Embarrassed by the vitality and determination of the student movement against higher tuition fees, some trade union leaders are making militant noises about co-ordinated strike action against the government’s spending cuts. Whether words become deeds is debatable.
Len McCluskey, the new general secretary of Unite, Britain’s largest union, has written in The Guardian that trade unions ought to be “preparing for battle” and should not let the anti-union laws paralyse them in the face of the cuts onslaught.
The Trades Union Congress (TUC), says McCluskey, will meet early in 2011 to discuss “co-ordinated industrial action and to analyse the possibilities and opportunities for a broad strike movement.” But before anyone gets too excited, let’s examine what is happening on the ground.
Yesterday, the TUC general secretary Brendan Barber and union leaders met David Cameron for mince pies and tea at Downing Street at their request. Afterwards, Barber would only say that they had warned Cameron of the consequences of the deficit-reduction plan, as if the prime minister didn’t know already. Only Bob Crow, leader of the RMT transport union, voiced support for McCluskey.
McCluskey, whose union’s endorsement was critical in getting Ed Miliband elected as Labour’s new leader, criticised the party’s front bench for meeting the Tory cuts programme halfway. Somehow he managed to excuse Miliband himself, although the Labour leader accepts that the budget deficit should be reduced. He simply wants the Coalition to move more slowly.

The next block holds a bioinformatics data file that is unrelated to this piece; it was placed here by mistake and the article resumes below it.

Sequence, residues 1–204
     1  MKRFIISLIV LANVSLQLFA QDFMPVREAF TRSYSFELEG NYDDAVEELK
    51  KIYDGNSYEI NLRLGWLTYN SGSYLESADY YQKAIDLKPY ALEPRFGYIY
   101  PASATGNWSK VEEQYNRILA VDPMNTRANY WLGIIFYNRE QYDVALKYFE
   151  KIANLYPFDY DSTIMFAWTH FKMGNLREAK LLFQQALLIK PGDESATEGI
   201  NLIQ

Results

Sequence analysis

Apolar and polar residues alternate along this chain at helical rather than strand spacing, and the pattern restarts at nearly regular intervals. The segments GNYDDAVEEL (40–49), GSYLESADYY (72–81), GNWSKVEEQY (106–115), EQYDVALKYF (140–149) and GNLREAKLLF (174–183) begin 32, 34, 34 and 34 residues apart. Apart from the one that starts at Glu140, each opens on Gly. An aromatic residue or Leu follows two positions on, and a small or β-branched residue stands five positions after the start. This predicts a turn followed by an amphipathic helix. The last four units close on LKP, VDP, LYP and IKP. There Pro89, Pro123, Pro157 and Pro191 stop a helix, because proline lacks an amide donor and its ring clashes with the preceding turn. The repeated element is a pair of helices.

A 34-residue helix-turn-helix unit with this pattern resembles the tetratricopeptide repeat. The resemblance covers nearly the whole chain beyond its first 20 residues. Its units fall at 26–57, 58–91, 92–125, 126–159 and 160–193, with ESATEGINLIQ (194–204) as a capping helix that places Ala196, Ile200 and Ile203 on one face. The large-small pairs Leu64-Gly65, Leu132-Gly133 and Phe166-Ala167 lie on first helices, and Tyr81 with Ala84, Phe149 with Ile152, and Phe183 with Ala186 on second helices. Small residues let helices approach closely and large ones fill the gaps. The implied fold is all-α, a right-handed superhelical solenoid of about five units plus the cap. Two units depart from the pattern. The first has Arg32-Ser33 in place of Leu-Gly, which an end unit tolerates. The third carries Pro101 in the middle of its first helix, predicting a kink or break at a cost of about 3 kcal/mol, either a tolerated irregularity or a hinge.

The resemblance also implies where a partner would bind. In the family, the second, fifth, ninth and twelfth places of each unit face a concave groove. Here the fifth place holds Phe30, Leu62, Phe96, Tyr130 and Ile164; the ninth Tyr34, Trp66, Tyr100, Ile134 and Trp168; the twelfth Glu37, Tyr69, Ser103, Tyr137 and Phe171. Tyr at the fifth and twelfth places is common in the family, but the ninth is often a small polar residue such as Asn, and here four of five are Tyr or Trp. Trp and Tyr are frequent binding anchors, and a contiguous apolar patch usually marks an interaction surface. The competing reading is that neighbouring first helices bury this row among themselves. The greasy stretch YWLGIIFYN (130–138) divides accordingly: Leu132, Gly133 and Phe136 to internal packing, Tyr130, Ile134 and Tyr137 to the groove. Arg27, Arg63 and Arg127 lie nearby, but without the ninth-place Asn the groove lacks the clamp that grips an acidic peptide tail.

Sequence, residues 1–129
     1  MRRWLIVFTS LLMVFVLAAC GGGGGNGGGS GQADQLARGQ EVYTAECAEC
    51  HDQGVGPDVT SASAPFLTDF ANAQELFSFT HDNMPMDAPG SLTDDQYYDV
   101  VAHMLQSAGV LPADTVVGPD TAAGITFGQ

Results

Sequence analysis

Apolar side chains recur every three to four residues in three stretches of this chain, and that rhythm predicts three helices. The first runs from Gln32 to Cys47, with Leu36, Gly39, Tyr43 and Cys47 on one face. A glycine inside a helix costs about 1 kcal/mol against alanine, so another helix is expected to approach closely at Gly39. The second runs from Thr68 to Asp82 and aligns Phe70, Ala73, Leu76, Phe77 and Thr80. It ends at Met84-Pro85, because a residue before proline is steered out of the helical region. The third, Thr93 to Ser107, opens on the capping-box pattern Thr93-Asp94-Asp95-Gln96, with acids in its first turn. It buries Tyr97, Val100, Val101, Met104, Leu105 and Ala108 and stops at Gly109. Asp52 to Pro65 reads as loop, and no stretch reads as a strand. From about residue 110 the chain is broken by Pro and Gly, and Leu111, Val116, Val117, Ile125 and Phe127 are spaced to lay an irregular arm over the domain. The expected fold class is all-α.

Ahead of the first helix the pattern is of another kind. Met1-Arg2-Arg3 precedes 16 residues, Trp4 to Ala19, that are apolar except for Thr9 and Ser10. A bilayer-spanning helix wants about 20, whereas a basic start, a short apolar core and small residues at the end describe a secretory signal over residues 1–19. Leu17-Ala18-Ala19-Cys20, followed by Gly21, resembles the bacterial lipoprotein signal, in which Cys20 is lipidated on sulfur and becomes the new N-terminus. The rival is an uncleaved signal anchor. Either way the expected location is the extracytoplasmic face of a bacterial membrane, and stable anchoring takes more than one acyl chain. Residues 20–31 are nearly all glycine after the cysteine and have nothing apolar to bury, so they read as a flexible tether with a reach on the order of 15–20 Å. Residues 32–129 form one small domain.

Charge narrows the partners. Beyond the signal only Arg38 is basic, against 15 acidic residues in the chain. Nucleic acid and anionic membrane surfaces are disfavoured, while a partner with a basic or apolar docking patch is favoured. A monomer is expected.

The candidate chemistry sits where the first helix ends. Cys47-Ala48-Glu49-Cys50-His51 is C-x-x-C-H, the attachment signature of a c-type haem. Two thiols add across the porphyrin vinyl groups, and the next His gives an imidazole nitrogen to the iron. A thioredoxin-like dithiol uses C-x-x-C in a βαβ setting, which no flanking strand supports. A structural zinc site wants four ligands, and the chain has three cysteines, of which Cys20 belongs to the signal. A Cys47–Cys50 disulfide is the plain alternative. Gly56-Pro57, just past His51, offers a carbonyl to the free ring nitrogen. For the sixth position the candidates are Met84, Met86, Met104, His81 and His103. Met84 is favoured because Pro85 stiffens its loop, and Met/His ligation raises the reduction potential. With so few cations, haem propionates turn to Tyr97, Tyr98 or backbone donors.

While Miliband quickly distanced himself from McCluskey’s support for strike action – showing that he who pays the piper doesn’t necessarily call the tune – in practice they agree in one key area. Labour-controlled local councils are busily preparing to make substantial cuts. Some like Lewisham have started implementing them already.
Instead of demanding that Labour councils refuse to draw up cuts budgets for 2011-12 based on substantial reductions in central government grant, McCluskey only says they should not be blamed “for the problem” because to do so is a “shortcut to splitting our movement”.
No-one is actually blaming them for the crisis. But local trade unionists rightly are demanding that Labour councils refuse to make the cuts as a matter of principle. Work on drawing up the budgets will begin immediately after the holiday season is over, with a view to getting them through the council by early March.
The TUC demonstration against spending cuts scheduled for March 26 will, therefore, be too late to save tens of thousands of jobs and services from the axe. Conflict between workers and Labour councils is inevitable in the next few months and trade unionists will want to know why McCluskey has nothing to say on this issue.
There is also meeting of minds between McCluskey and Barber on the ground of economic illiteracy. Both insist that the cuts are purely “ideologically driven”, being simply an attempt to destroy public services and the welfare state and are, therefore, totally unnecessary. If only it were that simple.
As we show in our downloadable Beyond Resistance booklet, the cuts are “ideological” only in the sense that capitalist governments are motivated to do everything they can to sustain the profit system. Britain’s budget deficit is part of the same global debt crisis that brought down the banks.
Deficits are a clear and present danger in so far as both governments and the financial markets are concerned. More to the point Barber and McCluskey cannot explain, for example, why parties in Greece, Spain and Portugal who call themselves socialist, have implemented massive cuts and faced down a series of general strikes.
Contrary to what McCluskey and Barber think, economic growth and tax justice is not an alternative to the cuts and lets capitalism off the hook. For any strike action to be effective, is will have to be part of a wider movement to bring down the Coalition while working up plans to replace the present madhouse with a not-for-profit economic and financial model. In other words, we need an ideologically-driven struggle against capitalism itself.